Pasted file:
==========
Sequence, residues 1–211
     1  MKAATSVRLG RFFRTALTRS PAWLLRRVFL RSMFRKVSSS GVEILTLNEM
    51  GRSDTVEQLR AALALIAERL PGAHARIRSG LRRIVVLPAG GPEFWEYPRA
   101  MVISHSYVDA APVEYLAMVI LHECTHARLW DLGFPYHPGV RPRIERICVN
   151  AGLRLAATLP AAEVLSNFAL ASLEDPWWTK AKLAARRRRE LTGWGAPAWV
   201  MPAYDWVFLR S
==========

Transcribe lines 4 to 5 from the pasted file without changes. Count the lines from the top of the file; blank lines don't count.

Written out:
   101  MVISHSYVDA APVEYLAMVI LHECTHARLW DLGFPYHPGV RPRIERICVN
   151  AGLRLAATLP AAEVLSNFAL ASLEDPWWTK AKLAARRRRE LTGWGAPAWV